A conversation with a client the other day about how to engage her team more completely led to an important question. She had some conversations with team members recently that revealed that the team is losing hope about their chances for success in the face of a very challenging business climate. For her team “Yes we can.” was becoming “No we can’t.” Fast action is required without a doubt. But what’s a leader to do? In times of adaptive change, our teams want a message of hope and a reminder that through working together and trusting one another that they achieve their objectives. It is the role of the leader to provide hope and create an atmosphere typified by trust.
While instilling hope in our teams and organizations is the desired outcome, I want to focus on what it means for an individual leader to be a person of hope. For it is always true that we cannot give what we do not have. Erich Fromm said, “To hope means to be ready at every moment for that which is not yet born, and yet not become desperate if there is no birth in our lifetime.” How do we sustain an atmosphere in which we and our teams can make ready what must emerge for us to be successful?
Hope presupposes trust. Without trust, there is no hope; for hope is fundamentally a sense of trust that all shall be well. Why shall all be well? Because I trust in my own abilities and I trust in others. Trusting in our individual and collective strength and capacity to achieve is hope-inspiring. Whatever I wish to do, dream I can do, or believe I can do, I can do. That is hope based on trust of self and trust of others.
A lack of trust in an organization is deadly. Without trust in leadership, in other teams, in products and services, in systems, you name it, there is little hope that the organization can accomplish what it sets out to do, nor that leaders will follow through on promises to people. In times of adaptive change (like now), the leader must be a person of hope and must inspire people to trust. To do that, the leader must trust himself and others. In that way, the leader demonstrates what it means to be a person of hope.
What does it mean to be a person of hope? The seeds of hope are either planted or scattered early in our life. What we learn about trust at that early age is reinforced in our relationships throughout our life. We each have beliefs that determine how and to what degree we engage life and people, including our work and our business relationships. We fundamentally trust others to be there for us when we need them or not. We fundamentally trust our own worth or not. These are deep, core beliefs that we each hold and use as filters for decision making every day, albeit unconsciously. Knowing our core beliefs, we can begin to shift our mindset if necessary in order to engage others and our work in a more productive way.
Self-awareness of our core beliefs about trust, mis-trust, and hope empowers our self-leadership and growth. Are you a person of hope? Do you believe in yourself and your abilities? Is there a part of you that cannot have hope? Do you dread the future or anticipate it excitedly?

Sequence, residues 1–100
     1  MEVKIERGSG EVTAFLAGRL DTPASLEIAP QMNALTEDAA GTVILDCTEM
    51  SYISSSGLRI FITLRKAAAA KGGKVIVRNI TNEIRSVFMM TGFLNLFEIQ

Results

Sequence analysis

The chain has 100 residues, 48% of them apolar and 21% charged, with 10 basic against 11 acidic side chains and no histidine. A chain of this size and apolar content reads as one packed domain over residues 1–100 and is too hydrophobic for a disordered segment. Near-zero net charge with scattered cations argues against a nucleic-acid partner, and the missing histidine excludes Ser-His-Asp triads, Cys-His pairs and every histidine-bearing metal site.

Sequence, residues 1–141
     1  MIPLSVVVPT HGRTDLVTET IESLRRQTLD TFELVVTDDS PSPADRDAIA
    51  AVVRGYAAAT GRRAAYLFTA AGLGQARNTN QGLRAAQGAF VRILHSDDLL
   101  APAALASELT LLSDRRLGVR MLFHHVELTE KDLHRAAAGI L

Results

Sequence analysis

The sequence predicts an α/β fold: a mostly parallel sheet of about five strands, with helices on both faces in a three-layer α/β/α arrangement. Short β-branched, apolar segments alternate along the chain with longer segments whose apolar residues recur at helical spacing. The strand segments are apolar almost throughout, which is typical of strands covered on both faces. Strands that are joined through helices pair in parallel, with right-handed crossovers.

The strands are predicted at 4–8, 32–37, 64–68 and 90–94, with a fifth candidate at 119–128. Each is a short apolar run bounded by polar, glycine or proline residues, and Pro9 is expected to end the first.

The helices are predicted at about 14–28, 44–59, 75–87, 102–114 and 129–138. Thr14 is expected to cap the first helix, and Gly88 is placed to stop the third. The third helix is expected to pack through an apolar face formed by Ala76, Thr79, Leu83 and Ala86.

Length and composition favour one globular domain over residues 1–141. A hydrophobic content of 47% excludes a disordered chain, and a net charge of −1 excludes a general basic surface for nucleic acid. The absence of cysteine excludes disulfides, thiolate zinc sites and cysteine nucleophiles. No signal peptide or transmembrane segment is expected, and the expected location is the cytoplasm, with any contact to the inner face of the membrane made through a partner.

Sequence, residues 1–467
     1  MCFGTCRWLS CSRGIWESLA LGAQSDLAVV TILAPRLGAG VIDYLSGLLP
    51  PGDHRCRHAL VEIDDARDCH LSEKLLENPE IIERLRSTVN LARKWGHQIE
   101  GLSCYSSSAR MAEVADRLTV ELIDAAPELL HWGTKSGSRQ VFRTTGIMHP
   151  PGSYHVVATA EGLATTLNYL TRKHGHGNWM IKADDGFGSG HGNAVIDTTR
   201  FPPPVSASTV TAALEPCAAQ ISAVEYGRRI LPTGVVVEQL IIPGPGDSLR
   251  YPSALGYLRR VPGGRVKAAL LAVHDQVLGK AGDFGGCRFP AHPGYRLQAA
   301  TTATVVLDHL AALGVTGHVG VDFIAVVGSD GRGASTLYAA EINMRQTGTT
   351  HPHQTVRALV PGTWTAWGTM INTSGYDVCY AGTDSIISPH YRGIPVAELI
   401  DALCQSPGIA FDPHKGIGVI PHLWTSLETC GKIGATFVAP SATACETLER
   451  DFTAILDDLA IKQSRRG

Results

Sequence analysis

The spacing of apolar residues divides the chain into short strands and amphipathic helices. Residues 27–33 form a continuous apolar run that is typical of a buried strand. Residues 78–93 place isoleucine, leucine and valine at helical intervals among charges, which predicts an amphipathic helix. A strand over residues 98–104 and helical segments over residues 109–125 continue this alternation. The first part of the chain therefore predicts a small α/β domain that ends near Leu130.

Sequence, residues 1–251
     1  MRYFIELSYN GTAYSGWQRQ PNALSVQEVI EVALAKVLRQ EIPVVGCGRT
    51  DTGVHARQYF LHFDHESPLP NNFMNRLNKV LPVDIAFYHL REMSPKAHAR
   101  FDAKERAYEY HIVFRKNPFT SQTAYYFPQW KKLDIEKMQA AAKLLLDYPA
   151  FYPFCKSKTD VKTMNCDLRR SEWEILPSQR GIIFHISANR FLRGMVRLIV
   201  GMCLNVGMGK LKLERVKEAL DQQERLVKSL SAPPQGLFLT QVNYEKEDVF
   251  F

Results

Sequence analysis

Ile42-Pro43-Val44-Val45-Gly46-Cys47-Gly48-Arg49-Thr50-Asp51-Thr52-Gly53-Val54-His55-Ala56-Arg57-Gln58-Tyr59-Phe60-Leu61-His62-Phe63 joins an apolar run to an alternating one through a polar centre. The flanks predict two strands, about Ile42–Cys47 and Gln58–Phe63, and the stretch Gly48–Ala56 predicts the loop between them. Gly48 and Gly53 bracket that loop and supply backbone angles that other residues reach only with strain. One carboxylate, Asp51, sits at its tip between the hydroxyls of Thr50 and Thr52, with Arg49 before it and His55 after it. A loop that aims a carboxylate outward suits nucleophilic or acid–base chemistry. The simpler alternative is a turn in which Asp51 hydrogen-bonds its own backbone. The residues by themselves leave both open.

How would you answer these questions?
I look forward to tomorrow. YES NO
I like to spend time with others. YES NO
I believe my needs were met and I was well cared for as an infant. YES NO
I am a very capable person. YES NO
I believe that I can make what I want of life and that there are people out there who can help me. YES NO
I easily trust other people. YES NO
I become upset when someone violates my trust. YES NO
I prefer to work alone. YES NO
I trust myself to make the right decisions for me. YES NO
I can count on others when I need help. YES NO
I am comfortable working in groups. YES NO
I easily delegate tasks. YES NO
I look forward to tomorrow with excitement and anticipation. YES NO
I have hope in the future. YES NO
The glass is half full. YES NO
Life is an adventure. YES NO
The more ‘yes’ answers you record the more likely it is that you are a person of hope. The more ‘no’ answers you record the more likely that trust may be an issue for you.
When we want to make a lasting transformation, we want to change not only our outward actions, but also our inner thoughts and feelings. Transforming thoughts and actions are inter-related and codependent. If I change my activities, my thoughts will go along. If I change my thoughts, I will act accordingly as well.
I offer a couple suggestions for further exploring hope and trust:
1. Read. Find some books or articles on trust and hope and/or people who you believe to embody these traits and see if you can find some attitudes or behaviors to emulate. Viktor Frankl’s Man’s Search for Meaning is a tremendous and powerful expression of hope as is The Art of Happiness by HH the Dalai Lama and Howard Cutler, M.D.
2. Every day when you get up, tell yourself to have hope. Tell yourself that you have what you need to make a wonderful life for yourself today. Tell yourself to make a conscious effort to trust someone today. Make a sign that says “hope” and put it up in your bathroom, over your desk, on the dashboard of your car, somewhere, anywhere where you will be reminded to trust and have hope today.
3. Connect with other people of hope. Associate with positive and optimistic people.
4. Dream. Set some goals for yourself. Put a plan of action into place to make your dream a reality. Hint: Doing number three will give you the support system you need to accomplish number four!
By exploring and growing our individual capacity for hope and trust, we grow our capacity to lead others in times of adaptive change.